"I've never had a need to reach them," Puzon said. "I just assumed that if they were legitimate, I would meet or see them somewhere."
Few details available
Although the group may not be very visible in some military circles, its presence has been felt in the form of financial donations.
In reports submitted to the Internal Revenue Service, which are required by law for a military organization with a 501 (c) 19 tax-exempt status, the U.S. Navy Vets said it spent about $2.6 million in 2008 on food, shelter, care packages, direct cash and other assistance to members of the military and their families.
But only 10 specific recipients -- who received a total of $26,695 -- were listed in the IRS tax form. The 77-page document includes a number of general descriptions, such as psychological counseling for 5,000-some veterans, without offering a detailed explanation.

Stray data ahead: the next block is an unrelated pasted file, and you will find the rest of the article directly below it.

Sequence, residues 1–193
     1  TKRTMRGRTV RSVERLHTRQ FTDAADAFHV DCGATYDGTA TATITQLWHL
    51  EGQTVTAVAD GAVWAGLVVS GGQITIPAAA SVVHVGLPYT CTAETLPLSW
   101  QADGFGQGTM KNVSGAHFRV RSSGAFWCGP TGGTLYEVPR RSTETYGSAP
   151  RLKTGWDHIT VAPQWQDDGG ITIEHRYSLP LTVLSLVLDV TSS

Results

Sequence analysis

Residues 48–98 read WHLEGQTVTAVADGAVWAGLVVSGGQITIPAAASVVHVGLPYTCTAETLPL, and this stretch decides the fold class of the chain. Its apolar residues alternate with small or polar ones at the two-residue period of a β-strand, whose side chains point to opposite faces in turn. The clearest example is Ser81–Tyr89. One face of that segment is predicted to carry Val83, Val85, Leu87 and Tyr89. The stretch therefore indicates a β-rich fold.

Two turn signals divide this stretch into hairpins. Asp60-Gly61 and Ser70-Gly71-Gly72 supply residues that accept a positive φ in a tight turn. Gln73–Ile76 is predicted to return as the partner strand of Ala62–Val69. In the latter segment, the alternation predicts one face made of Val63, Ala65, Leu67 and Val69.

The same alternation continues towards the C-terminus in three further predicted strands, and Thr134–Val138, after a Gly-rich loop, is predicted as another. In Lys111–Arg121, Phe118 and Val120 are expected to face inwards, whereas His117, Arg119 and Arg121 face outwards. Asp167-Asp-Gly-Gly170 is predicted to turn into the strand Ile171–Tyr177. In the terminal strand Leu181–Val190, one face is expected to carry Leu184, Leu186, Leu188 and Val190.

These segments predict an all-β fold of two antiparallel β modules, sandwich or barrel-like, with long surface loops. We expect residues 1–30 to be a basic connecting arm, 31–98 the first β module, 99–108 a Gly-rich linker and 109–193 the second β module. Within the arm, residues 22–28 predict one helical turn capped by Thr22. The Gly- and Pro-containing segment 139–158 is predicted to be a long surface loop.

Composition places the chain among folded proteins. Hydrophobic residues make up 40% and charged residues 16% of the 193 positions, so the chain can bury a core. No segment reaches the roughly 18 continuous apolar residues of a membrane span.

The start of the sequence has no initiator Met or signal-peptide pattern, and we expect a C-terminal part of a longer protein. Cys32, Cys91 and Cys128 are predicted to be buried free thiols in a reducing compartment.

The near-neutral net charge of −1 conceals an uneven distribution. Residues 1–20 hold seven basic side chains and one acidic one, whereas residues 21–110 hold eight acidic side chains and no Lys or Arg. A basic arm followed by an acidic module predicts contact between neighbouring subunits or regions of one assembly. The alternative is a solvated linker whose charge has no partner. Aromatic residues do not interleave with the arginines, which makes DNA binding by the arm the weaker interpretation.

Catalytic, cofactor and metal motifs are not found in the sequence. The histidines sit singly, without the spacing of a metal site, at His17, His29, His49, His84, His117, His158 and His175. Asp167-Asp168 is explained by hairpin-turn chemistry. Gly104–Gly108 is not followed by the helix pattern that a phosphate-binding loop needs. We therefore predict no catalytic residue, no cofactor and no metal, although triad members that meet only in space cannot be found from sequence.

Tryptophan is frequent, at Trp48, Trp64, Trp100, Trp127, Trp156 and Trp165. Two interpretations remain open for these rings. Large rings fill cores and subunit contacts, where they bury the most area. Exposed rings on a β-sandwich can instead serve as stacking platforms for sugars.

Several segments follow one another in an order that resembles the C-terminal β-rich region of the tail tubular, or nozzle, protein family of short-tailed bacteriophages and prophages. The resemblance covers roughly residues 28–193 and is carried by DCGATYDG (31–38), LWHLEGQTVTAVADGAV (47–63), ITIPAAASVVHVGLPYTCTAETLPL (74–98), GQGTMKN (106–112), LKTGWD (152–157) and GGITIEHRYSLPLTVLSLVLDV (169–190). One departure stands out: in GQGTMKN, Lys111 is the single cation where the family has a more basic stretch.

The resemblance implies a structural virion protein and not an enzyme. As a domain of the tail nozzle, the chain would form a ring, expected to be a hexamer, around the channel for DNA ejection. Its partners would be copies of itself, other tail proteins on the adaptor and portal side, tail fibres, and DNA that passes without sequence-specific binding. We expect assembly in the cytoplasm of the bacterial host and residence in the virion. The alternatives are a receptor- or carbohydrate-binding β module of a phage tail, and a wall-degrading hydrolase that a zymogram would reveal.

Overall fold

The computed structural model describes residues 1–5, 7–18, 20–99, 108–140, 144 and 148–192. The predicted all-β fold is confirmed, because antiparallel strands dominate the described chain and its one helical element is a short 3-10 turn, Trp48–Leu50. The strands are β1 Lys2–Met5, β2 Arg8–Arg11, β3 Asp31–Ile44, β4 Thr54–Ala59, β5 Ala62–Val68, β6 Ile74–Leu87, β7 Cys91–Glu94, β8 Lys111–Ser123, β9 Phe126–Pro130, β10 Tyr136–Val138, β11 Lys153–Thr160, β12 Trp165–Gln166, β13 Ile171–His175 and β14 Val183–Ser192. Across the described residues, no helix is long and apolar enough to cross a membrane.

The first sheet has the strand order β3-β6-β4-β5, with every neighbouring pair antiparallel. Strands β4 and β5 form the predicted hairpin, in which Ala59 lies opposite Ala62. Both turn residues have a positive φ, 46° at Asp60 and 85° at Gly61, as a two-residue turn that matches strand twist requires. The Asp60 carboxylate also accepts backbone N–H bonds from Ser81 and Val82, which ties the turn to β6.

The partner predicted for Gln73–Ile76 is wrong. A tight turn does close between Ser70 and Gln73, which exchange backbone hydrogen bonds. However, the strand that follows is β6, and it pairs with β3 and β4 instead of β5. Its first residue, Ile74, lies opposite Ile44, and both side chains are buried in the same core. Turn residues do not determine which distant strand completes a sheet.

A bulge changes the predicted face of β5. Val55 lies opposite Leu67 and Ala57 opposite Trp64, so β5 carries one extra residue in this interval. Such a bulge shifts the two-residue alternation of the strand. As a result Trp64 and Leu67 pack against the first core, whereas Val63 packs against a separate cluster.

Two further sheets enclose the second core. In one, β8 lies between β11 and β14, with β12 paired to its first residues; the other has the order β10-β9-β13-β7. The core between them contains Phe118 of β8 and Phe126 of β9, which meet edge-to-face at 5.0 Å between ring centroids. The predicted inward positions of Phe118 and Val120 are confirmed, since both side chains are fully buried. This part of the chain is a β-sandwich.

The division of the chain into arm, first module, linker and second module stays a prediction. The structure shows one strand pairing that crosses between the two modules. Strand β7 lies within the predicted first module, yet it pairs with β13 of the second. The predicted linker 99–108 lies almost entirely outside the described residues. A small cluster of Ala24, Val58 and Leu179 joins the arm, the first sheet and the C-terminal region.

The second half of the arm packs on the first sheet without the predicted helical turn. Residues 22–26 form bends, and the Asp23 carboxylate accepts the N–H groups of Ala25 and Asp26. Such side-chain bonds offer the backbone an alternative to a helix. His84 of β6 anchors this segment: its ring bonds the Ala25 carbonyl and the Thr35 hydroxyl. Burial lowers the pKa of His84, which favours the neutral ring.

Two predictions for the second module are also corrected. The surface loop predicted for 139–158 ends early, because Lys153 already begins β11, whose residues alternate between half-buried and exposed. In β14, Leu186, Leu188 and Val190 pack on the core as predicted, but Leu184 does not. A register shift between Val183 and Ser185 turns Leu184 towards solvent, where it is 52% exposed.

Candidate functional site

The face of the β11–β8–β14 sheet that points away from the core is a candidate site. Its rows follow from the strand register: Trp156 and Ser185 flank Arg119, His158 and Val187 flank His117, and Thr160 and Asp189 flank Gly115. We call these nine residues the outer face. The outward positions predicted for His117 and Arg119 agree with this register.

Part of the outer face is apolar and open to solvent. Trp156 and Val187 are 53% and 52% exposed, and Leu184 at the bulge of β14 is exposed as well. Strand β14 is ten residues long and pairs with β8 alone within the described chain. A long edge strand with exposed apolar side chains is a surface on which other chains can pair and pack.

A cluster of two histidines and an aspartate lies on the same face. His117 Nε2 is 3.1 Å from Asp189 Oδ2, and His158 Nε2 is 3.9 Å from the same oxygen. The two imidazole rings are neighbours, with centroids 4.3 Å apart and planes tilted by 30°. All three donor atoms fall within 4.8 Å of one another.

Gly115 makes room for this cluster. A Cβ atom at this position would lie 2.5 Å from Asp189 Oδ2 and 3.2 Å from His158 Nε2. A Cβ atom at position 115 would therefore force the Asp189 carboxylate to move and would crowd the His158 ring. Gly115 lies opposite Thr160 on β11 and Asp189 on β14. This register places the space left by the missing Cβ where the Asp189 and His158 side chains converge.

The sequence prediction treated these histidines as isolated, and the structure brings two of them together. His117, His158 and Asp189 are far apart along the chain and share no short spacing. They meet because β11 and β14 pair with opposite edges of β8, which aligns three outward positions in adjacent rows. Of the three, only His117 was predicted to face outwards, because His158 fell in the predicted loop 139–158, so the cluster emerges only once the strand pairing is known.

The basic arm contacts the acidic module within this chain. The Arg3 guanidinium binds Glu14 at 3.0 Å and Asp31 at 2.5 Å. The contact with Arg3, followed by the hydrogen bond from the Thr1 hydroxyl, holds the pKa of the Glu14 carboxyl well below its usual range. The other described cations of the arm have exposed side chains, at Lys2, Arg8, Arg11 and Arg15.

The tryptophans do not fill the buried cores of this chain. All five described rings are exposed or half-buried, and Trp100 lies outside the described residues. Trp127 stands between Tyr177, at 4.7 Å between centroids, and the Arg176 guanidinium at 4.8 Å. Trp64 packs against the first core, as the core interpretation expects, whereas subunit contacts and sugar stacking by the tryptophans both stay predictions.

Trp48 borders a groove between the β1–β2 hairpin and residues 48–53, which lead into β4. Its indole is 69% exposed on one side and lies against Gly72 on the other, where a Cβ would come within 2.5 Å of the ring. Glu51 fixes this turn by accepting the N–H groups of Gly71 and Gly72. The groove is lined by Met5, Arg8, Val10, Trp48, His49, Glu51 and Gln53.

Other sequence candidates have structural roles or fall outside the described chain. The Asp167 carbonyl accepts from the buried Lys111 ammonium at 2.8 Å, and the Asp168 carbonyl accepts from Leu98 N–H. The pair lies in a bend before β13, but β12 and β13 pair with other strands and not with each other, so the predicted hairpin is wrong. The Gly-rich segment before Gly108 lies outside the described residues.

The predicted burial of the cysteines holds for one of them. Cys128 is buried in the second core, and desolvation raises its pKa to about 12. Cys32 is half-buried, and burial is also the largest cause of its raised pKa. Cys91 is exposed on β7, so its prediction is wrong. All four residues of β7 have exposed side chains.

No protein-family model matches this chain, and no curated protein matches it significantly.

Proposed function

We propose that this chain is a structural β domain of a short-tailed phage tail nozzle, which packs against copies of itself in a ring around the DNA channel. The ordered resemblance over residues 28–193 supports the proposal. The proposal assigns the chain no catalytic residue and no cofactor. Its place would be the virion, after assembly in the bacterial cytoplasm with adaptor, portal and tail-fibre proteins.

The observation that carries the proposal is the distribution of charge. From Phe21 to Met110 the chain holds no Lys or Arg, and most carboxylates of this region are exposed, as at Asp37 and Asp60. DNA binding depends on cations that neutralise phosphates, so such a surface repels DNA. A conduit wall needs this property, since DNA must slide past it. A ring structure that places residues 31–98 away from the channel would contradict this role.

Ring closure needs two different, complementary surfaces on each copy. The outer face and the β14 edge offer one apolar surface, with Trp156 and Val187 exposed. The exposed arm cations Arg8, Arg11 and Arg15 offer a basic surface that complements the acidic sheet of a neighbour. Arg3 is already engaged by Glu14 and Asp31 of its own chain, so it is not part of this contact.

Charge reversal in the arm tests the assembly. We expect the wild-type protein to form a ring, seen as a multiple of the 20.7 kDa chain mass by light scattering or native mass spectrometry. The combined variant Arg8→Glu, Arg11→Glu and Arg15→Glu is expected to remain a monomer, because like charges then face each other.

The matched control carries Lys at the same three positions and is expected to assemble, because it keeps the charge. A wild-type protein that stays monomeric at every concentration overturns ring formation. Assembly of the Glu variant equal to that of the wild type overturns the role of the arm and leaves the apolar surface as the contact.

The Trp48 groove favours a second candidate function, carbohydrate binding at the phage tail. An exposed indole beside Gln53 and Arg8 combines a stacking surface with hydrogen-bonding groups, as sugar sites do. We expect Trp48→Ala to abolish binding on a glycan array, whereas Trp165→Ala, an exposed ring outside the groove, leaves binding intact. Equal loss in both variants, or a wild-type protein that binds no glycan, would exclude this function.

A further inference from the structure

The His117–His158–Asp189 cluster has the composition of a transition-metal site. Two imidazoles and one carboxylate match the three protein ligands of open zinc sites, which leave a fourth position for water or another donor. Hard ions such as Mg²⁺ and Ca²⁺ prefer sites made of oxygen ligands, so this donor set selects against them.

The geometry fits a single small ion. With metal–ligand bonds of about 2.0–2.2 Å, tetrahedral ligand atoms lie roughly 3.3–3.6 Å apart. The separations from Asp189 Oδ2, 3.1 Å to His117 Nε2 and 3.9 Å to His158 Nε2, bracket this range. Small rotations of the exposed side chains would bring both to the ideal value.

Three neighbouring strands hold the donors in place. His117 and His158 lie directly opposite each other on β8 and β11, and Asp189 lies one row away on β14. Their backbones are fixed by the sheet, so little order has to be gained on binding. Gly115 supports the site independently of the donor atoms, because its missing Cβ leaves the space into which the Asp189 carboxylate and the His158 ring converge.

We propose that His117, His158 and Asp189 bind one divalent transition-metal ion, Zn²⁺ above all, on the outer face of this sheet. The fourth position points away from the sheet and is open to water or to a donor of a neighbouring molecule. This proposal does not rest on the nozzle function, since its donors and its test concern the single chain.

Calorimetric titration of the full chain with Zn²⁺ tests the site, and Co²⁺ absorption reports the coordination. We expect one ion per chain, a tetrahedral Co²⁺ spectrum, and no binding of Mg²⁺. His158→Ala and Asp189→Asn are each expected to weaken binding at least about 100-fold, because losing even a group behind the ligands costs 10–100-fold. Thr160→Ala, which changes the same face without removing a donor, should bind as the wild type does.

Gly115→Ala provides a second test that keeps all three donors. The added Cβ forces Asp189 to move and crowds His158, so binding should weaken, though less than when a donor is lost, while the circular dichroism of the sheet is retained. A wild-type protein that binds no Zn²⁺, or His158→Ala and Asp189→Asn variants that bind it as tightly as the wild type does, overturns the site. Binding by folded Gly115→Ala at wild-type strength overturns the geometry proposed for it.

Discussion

One of the named recipients was the Navy Memorial Foundation in Washington, D.C. Foundation spokeswoman Taylor Kiland confirmed a $6,350 donation from the U.S. Navy Vets. Other recipients listed on tax records include Paralyzed Veterans of America, the U.S. Naval Academy and Catholic War Veterans of the United States.
According to the St. Petersburg Times, which spent six months investigating the U.S. Navy Vets for a series of stories that ran in March, the group's practices are being scrutinized by regulators in Florida, New Mexico and Missouri.
The newspaper reported that professional fundraising call centers, which have raised millions for the group, claim up to 60 percent of a donation as their fee.
Despite extensive, nationwide database searches, the newspaper could not find 84 of the 85 U.S. Navy Vets national and state directors. (A similar attempt by The Roanoke Times to locate Rosellini, head of the Virginia chapter, was also unsuccessful.)